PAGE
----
“Brought you something,” Mickey said smiling. “I told you I would.”

The guy’s smile got bigger. And OUR FRIEND waved us through.

It was just like a movie.


Today when I was talking to Annie, Agape Village Orphanage’s housemother, I was really struck by something she told me.

“I tell these children, they must get a good education and work hard and make something of themselves because one day they will be successful and come back and help us as we’re taking care of more young orphans,” she said. “I want them to do great things, but I want them to remember the blessings they’ve received and understand God wants all of us to love and take care of each other. One day, it will be these children, taking care of others and not just making our village better, but making Zambia, our country, better.”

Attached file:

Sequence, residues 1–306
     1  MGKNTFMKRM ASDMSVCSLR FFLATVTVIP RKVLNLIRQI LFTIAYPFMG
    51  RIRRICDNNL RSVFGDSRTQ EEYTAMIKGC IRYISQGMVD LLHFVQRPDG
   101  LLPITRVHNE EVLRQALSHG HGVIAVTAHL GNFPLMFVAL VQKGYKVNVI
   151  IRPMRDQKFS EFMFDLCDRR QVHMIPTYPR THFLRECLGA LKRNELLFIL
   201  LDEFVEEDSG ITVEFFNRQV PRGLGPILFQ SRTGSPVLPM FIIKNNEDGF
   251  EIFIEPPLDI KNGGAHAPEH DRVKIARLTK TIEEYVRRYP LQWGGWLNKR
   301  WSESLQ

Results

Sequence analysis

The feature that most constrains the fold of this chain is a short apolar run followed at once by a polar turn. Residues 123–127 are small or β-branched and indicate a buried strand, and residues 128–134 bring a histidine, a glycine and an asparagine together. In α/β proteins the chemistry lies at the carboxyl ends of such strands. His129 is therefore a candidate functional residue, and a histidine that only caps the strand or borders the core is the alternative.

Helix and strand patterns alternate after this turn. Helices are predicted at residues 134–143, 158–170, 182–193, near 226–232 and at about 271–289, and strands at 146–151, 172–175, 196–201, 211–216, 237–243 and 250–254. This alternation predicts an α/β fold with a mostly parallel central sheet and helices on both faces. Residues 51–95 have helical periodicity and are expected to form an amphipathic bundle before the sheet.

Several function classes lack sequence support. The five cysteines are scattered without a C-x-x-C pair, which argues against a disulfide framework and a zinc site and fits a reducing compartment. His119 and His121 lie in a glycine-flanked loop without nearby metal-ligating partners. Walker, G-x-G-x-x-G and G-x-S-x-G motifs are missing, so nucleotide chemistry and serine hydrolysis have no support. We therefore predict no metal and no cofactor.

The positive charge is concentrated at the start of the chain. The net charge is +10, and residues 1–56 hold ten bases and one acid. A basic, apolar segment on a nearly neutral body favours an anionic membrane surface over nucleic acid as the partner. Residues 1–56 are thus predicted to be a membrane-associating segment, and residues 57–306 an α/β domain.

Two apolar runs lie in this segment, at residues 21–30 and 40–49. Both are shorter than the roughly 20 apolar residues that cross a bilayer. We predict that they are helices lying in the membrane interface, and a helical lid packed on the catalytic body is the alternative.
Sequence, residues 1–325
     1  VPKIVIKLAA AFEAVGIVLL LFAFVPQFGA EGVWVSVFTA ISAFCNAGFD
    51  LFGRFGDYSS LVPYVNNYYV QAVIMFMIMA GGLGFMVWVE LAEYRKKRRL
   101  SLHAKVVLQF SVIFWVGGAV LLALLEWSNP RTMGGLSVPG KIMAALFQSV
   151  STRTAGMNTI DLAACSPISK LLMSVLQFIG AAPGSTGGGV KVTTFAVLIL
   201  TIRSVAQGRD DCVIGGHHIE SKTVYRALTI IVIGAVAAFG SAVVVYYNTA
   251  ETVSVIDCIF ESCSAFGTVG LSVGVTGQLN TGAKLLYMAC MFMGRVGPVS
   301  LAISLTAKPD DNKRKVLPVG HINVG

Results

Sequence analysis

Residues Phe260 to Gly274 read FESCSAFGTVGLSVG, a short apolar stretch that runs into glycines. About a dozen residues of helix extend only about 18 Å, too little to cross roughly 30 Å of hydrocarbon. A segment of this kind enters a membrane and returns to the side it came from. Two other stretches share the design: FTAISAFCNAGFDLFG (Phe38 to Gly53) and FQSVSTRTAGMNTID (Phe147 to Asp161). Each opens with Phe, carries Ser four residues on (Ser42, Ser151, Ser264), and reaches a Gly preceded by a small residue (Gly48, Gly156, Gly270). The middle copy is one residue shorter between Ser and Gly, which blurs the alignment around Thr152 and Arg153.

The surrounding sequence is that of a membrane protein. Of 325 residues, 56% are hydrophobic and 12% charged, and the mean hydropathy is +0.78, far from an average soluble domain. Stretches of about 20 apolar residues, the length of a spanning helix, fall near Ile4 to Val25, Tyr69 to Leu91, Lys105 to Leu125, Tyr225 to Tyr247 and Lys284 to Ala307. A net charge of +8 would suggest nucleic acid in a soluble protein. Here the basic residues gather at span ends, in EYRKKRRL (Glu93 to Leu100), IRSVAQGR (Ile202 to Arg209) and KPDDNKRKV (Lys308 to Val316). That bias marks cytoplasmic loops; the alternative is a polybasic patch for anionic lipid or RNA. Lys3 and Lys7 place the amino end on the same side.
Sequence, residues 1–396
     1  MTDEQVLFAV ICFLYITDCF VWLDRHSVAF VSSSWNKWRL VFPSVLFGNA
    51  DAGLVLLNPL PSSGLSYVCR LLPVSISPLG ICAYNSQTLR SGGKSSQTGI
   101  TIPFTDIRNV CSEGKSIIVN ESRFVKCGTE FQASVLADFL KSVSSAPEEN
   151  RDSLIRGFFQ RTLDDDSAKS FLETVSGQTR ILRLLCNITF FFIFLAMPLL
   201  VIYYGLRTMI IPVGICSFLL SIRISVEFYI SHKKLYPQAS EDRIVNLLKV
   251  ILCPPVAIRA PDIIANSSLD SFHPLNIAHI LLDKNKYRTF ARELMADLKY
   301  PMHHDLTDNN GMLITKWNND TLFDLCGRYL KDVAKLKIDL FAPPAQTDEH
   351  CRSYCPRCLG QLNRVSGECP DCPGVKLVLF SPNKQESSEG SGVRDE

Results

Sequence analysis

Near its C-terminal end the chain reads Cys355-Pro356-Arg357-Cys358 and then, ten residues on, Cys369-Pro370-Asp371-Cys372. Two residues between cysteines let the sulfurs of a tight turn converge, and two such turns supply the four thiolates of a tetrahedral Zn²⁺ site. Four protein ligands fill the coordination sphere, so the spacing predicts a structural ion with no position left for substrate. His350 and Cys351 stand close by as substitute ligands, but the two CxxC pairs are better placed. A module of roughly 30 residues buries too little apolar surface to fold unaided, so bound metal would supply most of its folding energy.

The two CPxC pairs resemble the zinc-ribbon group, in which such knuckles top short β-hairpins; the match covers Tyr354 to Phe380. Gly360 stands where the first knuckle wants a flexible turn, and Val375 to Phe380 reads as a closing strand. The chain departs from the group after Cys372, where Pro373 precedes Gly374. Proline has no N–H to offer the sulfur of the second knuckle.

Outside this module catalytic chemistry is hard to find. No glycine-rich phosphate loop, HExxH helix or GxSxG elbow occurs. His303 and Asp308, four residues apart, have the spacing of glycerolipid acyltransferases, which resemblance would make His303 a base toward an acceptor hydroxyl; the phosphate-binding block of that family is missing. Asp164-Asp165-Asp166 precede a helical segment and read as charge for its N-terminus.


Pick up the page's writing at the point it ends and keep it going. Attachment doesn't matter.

When you plant seeds of kindness and gentleness, it tends to spread.

1 John 4:11-12 Dear friends, since God loved us that much, we surely ought to love each other. No one has ever seen God. But if we love each other, God lives in us, and his love is brought to full expression in us.



A Joyful Window

Like most children, the Agape Village children start out a little shy around adults they don’t know well.

I think it’s safe to say they’ve come out of their shell.


All of them are so precious and I see why others who have come to Zambia to volunteer  get so attached to these beautiful little faces and generous souls. They are worth the long trip and more.